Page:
EY research reveals an opportunity to bridge the gap between consumers’ interest in sustainable energy and their willingness to take action.

In brief

  • Sixty-five percent of energy consumers know how to start making sustainable energy choices, but 70% say they will not spend more time or money doing so.
  • The opportunity to close the gap between interest and action requires a new focus on engaging and activating every energy participant.
  • Three actions can help energy providers build consumer-centric energy experiences that are more affordable, accessible and appealing. 

Multiple energy transitions are accelerating around the world. Huge investment has flowed into boosting the supply side of the energy transition — decarbonizing industries, developing clean energy solutions and building the infrastructure to support it. But a lack of attention on the demand side of the equation may impede the full potential of these efforts.

Consumers will ultimately determine the success or failure of our clean energy future, but they are growing tired of the journey to get there. Residential and business consumers have been left to shoulder the burden of a changing energy system, navigating new technologies and deciphering complex tariffs, all while absorbing rising bills. Now, according to new EY research, fatigue is setting in just as we enter a more difficult phase of the transition. The world must galvanize a generation of change within a decade to meet decarbonization targets. Unless energy providers can engage all consumers and activate a surge in consumer energy solution investment, we’ll miss our opportunity to build a more sustainable, efficient, cost-effective energy system. There is simply no energy transition if consumers don’t lead the way.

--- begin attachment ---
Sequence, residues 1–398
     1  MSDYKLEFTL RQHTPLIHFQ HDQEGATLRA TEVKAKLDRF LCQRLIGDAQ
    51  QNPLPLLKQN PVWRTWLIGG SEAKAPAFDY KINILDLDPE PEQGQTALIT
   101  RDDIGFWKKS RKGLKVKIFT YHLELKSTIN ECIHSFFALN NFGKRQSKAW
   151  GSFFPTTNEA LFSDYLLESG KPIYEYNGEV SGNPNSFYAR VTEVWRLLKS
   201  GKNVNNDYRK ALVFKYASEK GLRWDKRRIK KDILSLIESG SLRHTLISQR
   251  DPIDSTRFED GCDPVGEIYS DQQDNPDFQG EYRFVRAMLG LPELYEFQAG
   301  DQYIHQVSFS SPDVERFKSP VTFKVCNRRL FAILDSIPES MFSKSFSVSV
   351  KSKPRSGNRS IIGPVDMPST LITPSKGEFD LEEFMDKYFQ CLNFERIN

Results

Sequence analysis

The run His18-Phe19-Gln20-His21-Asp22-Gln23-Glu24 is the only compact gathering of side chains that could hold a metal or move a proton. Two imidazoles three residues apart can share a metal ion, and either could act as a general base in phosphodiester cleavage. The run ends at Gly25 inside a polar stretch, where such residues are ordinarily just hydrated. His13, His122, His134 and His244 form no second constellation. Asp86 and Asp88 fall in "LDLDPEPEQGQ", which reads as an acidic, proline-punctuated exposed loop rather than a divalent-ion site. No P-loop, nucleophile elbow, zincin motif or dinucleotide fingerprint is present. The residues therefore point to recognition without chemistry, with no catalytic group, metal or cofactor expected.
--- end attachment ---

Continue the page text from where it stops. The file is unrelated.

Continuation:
Download: Energy transition consumer insights report

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Chapter 1

The 'three As' of energy

Consumers are losing faith in the three fundamental aspects of the energy experience.

The problem is this: 70% of the outcomes of the energy transition depend on people changing their behavior. Half of consumers’ impact comes directly from shifts in how we power our homes and get around. But the majority of consumers say they’ve already done everything they can.

Sixty-five percent of people we surveyed say they know how to start making sustainable energy choices, but 70% told us they are not willing to spend any more time or money on doing so. It seems consumers are struggling to see the payoff for their efforts so far. Many say the energy system just isn’t delivering on the three fundamental aspects of the energy experience: affordability, access and appeal.

of consumers say they can’t absorb a bill increase of 10%.
would adopt energy products if they were easier to purchase and install.
want their energy provider to offer low-cost energy options.


Affordability is about more than price and considers how energy impacts a consumer’s broader financial wellbeing and lifestyle.

  • 67% of consumers say they can’t absorb a bill increase of 10%.
  • 30% are confident that their energy will remain affordable.
  • Two-thirds aren’t planning to invest in new energy products, such as rooftop solar or electric vehicles (EVs), over the next three years.


Beyond physical availability, energy access also spans education, awareness, choice, data and insights.

  • 26% of consumers have a good understanding of terms such as renewable energy and sustainability (this figure has not improved over the three years EY has been tracking it).
  • 33% are confident they can access clean energy options. Renters and people on low incomes are two to three times less likely to say they will invest in new energy solutions.